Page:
A new study released on 26 February by Unicef reveals higher levels of poverty and malnutrition among children living in low-cost housing in Kuala Lumpur, compared to the national average.
Commissioned by Unicef, the study Children Without: A Study of Urban Child Poverty and Deprivation in Low-cost Flats in Kuala Lumpur highlights how poverty impairs the opportunities of children living in low-cost flats in Kuala Lumpur to early education and makes them more vulnerable to malnourishment, with potentially damaging impact on their cognitive development.
“Malaysia has made tremendous progress over the last 30 years, in eliminating poverty. What this study shows, however, is that not everyone has benefited equally and that some, notably children, are being left behind,” said Marianne Clark-Hattingh, Unicef representative in Malaysia.
While the national poverty rate is less than one per cent, and almost eradicated in Kuala Lumpur, the report indicates a 100% rate of relative poverty amongst children living in low-cost flats in the nation’s capital.
Some of the main findings of this study include:
- Almost all children (99.7%) in low-cost flats live in relative poverty and 7% in absolute poverty
- About 15% of children below the age of five are underweight, almost two times higher compared to the KL average (8%)
- About 22% of the children are stunted, two times higher than the KL average
- About 23% of the children are either overweight or obese, six times higher compared to the KL average (4%)
- While almost all the children aged 7-17 are in school, only 50% of 5-6-year-olds attend pre-school compared to 92% of national enrolment in 2015
- About 1 in 3 households surveyed has no reading materials, for children aged below 18
- About 4 in 10 households have no toys for children below 5.
“Children in low-cost flats live in Kuala Lumpur, within easy proximity to amenities; yet, have less access to nutritious food, don’t go to pre-school, live in perceived unsafe areas and have less opportunity to learn and play than most other children in Malaysia. The reality is: poor children are among us but they often remain unseen. It’s clearly a data blind spot,” added Clark-Hattingh.
“Unicef has learned through experience that problems that go unmeasured often go unsolved. By disclosing the situation of children living in poor urban areas, the study provides evidence to support targeted policies and interventions to ensure that no child is left behind, in line with the government’s commitment to Agenda 2030 and its 2050 National Transformation.”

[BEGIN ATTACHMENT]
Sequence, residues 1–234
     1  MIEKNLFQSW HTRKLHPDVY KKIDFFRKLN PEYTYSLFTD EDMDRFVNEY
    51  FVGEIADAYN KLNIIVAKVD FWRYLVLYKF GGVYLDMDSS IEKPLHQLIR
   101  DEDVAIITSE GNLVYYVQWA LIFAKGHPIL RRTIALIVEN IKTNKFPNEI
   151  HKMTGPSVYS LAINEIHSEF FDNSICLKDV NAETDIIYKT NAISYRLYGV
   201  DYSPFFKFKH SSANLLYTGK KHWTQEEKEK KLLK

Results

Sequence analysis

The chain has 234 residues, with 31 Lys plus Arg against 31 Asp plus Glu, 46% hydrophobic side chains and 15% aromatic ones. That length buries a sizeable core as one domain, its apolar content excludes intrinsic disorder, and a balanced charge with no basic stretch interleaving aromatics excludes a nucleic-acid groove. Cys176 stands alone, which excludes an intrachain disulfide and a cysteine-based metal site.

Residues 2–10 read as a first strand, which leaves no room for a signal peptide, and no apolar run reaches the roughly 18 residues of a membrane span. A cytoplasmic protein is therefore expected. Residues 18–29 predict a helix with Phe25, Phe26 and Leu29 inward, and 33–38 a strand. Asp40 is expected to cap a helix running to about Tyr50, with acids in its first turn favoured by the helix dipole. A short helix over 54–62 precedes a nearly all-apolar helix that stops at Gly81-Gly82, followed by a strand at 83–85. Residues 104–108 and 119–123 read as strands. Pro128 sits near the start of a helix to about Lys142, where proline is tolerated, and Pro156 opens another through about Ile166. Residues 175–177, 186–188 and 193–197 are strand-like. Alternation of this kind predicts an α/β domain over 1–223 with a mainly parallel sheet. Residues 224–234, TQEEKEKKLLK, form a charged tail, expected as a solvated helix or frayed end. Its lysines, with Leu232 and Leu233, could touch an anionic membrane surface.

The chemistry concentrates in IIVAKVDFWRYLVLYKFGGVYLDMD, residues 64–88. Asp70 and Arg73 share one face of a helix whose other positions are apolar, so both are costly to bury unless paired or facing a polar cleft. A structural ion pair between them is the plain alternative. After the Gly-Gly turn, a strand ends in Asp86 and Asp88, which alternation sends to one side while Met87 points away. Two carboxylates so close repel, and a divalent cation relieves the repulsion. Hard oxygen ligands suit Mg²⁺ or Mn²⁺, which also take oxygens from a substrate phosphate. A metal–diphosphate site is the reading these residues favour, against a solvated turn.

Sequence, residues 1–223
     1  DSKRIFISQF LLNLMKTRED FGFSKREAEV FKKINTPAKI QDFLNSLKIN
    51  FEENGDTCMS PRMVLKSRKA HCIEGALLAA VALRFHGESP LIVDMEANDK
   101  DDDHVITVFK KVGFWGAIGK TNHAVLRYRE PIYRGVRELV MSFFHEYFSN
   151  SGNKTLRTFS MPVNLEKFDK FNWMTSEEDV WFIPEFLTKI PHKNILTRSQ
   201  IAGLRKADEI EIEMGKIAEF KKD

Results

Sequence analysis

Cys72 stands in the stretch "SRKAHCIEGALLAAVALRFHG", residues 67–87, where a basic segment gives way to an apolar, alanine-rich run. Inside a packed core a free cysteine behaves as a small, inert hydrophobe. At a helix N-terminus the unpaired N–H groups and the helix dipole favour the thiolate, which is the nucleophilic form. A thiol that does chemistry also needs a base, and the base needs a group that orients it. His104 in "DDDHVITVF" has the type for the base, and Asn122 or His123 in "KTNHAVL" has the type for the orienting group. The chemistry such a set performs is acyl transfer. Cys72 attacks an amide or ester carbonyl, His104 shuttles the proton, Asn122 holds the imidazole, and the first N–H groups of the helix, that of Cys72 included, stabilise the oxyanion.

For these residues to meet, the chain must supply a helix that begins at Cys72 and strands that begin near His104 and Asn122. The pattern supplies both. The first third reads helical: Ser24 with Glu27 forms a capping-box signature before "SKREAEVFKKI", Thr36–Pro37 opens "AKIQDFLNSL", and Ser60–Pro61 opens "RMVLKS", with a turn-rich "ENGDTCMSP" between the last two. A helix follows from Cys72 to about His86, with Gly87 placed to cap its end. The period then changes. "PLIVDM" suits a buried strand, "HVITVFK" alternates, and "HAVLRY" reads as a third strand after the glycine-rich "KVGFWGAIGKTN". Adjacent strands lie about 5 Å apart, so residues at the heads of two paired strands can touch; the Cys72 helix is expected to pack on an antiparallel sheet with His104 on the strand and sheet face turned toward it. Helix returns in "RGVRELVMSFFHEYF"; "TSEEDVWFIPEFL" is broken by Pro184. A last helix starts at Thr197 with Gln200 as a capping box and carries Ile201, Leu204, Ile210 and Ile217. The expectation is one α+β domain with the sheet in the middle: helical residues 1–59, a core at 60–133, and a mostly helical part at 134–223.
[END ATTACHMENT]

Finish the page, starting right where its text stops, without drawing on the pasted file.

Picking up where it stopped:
Produced by DM Analytics, the study is the result of a survey of almost 1,000 households who have children below 18 years of age in their care and are residing in Program Perumahan Rakyat (PPR) low-cost housing. The study sheds light on the living conditions of over 2,000 children residing in low-cost housing in the capital and the impact on their wellbeing.
To accelerate efforts to address child poverty in urban areas, the report recommends:
- revisiting poverty indicators, namely the Poverty Line Income (PLI) and using multidimensional indicators that include the nutritional status of children and relative income poverty
- providing universal child care grants.
- promoting exclusive breastfeeding for at least six month
- implementing policies that facilitate access to nutritious food, such as taxes on sugar-sweetened beverages (SSB), regulation of food sold in and around schools;
These recommendations support and contributed to Malaysia’s aspiration to become a top 20 nation as expressed under the 2050 National Transformation and Agenda 2030, which is the roadmap for the implementation of the Sustainable Development Goals in Malaysia. In line with the Convention on the Rights of the Child that Malaysia ratified in 1995, the implementation of these measures will also help Malaysia uphold its commitment to the protection and welfare of all children.
“One of the optimal ways to ensure that every child in Malaysia has an equal start in life is by providing a comprehensive social protection floor,” said Clark-Hattingh. “This will facilitate equal access to basic services such as health, education and nutrition for the most marginalised families, thus mitigating the effects of deprivation on children, and help break the cycle of poverty.”
In conjunction with this study, four other initiatives were carried out to create a debate and shape the public discourse on urban child poverty and deprivations together with young people, namely a Youth Photography Course, a Policython, a Journalism Workshop and a Student Research Award. Different groups including school-aged children from five low-cost flats, university students, young professionals and young journalists participated in these activities last year.
Today two students Sudha Sivadas and Dr Normaz Wana Ismail, received the Student Research Award for their work on urban child poverty. Another student, Dewi Seribayu, won first place in the Journalism Essay Contest with her essay, “The Role of Journalism in Eradicating Poverty”.